The rest I learned from watching private screenings of Melvin Van Peebles’s on-the-run outlaw flick, Sweet Sweetback’s Baadasssss Song. How to break a sweat in half. How it takes two to make a thing go right. How it takes two to make it outta sight.
It has been a strange way to have a dick. Like, I was never taught what to do with it or how to walk around mannish, knowing I’d grown one somehow. There have been off-balance moments between my hips. Campfires in my solar plexus. Worst of all how I don’t know how to honestly son or daughter. Draft memos towards family business. Fill the first page of a Holy Bible with dates. So instead I listen to Muddy Waters brag about his bedposts and write graphically (like OedipusRex, blue-balled) to express what I couldn’t color pre-kindergarten and keep tucked in the waistline of my boxer shorts (for extra padding from low blows).
Letter Number 22 (Wail)
Dear Mr. Tyson,
It has become a steady wail. Persistent. Where I pick myself apart with fingernails and front teeth. From the front yard reduced to fetal position. Arms swaddled incapacitated in gas station receipts, dental floss, unapologetic lover hair, al dente spaghetti noodles stuck to the dusty kitchen wall, a full summer clothesline’s worth of dirty laundry knotted into a rope ladder. Waiting terrified to see if they’ll let me cry myself to sleep again up against a lamppost. Bent at an angle sure to put some age in my spine, damp from desperate sweat and rain.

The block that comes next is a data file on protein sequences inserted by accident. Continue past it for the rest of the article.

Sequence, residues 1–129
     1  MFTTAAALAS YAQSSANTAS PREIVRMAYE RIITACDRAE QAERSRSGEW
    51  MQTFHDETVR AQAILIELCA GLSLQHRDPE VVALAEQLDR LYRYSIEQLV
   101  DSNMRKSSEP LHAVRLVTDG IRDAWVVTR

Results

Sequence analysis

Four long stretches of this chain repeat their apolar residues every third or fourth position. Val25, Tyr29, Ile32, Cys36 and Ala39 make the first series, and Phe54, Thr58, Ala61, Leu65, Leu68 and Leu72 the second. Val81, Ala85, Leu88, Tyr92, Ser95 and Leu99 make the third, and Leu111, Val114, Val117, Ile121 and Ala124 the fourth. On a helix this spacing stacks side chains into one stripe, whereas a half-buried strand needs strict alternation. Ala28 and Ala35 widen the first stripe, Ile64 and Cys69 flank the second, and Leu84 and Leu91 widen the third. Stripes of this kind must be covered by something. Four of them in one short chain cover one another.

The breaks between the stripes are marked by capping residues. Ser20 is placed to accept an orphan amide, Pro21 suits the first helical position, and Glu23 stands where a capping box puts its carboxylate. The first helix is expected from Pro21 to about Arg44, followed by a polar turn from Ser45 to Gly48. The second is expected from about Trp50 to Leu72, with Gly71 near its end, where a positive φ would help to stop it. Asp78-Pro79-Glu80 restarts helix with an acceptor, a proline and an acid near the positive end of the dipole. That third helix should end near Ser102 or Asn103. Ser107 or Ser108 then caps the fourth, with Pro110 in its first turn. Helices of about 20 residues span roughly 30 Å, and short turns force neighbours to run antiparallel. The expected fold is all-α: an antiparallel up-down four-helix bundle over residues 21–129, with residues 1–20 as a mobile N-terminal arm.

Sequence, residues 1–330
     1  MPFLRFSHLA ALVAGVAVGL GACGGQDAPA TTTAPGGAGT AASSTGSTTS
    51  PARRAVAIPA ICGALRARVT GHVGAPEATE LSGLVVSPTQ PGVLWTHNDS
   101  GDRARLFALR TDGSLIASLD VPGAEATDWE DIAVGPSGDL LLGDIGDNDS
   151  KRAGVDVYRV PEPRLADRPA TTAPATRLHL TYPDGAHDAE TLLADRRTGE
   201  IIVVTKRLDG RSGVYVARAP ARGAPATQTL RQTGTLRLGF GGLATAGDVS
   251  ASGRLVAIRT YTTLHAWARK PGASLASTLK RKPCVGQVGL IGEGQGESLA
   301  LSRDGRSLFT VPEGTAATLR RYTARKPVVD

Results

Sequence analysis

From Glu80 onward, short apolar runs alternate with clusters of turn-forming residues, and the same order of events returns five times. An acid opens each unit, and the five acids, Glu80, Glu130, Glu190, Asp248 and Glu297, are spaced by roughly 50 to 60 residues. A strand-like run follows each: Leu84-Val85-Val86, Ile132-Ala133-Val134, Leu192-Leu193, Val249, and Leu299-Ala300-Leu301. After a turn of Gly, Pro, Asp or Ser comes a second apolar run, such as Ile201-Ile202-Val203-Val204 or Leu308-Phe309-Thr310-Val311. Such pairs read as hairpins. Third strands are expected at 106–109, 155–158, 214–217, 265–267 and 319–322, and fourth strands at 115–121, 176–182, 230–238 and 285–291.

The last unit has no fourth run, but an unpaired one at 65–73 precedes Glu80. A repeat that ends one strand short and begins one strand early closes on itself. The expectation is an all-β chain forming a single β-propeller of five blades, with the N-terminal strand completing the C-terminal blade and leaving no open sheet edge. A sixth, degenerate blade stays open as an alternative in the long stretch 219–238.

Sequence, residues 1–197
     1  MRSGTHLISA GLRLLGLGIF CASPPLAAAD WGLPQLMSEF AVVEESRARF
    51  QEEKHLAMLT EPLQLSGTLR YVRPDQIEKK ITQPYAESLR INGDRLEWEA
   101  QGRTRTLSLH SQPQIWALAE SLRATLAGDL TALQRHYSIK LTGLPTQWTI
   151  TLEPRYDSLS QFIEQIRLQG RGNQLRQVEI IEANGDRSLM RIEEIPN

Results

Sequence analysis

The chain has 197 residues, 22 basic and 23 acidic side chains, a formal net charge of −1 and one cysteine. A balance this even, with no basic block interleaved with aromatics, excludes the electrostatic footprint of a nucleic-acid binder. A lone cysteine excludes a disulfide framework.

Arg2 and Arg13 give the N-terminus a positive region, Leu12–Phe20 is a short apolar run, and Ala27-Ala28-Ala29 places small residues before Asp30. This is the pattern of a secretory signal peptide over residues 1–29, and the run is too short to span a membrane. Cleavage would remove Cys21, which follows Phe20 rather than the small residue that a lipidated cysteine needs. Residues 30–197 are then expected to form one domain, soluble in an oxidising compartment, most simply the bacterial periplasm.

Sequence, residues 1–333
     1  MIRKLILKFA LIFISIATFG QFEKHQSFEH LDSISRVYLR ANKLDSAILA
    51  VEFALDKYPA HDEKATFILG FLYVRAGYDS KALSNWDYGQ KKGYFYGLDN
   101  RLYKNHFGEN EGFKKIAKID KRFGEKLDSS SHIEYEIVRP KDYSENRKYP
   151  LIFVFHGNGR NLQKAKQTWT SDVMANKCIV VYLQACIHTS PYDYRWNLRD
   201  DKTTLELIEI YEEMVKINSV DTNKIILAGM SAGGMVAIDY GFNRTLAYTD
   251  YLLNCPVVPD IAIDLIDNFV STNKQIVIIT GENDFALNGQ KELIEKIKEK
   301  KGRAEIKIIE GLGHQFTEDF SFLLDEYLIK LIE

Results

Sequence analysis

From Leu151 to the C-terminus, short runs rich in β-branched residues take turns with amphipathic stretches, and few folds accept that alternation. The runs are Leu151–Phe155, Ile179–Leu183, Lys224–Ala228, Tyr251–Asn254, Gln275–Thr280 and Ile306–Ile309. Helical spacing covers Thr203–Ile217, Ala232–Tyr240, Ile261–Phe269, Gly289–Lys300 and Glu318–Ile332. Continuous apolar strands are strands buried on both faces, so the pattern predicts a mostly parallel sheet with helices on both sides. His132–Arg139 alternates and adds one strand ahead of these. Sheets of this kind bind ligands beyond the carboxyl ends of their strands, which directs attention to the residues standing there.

Sick sound in the self-embrace, squeezed out between my elbows. I am an out of tune saxophone, hollow brass down the hallway of the 5th grade band room. Dry mouthpiece drawn out way too thin and flat, practically shrieking with nothing to say. And I have nothing to say besides the Pound Puppy take-home eyes peeking from my sister’s closet the morning after Christmas. Pitiful. (Familiar visions of the devil never taking a holiday, around the clock like Wal-Mart Super Center hours —heartbroken over how the shifts will outlive us.)
Metal-on-metal sound almost, the rust of aluminum garage door hinges or worse. Classic car shows in the mall parking lot, invasive dental equipment, an upstairs neighbor taking a hot shower in the middle of the night. I can’t keep up with the bad in terms of vibrations and hold my belly to feel for any leftover resonance.
Attention to detail down to the fractures and distrust of a place. Casual hatreds. The petty slam poetry of martyrs waiting impatiently to see Glory. (All rhythm and alliteration, no divinely-inspired message to witness and obey.) Similar to the ambiguous instrument meant to accompany psalms, but shrill from having never been taught first-hand how to play any prettier. And bitter over it. Like I was born to give birth to mourning sounds.
Evan Nave is Normal, Illinois’s native son. He represented Illinois State University’s English Department as the 2010-2012 Sutherland Fellow in creative writing, and he graduated from ISU with a PhD in English Studies in 2017. His writing has appeared in Seven Corners and Misery Tourism and his first chapbook project, Thoughts Like:, was published by Press 254 in 2012. He currently lives and works in Chicago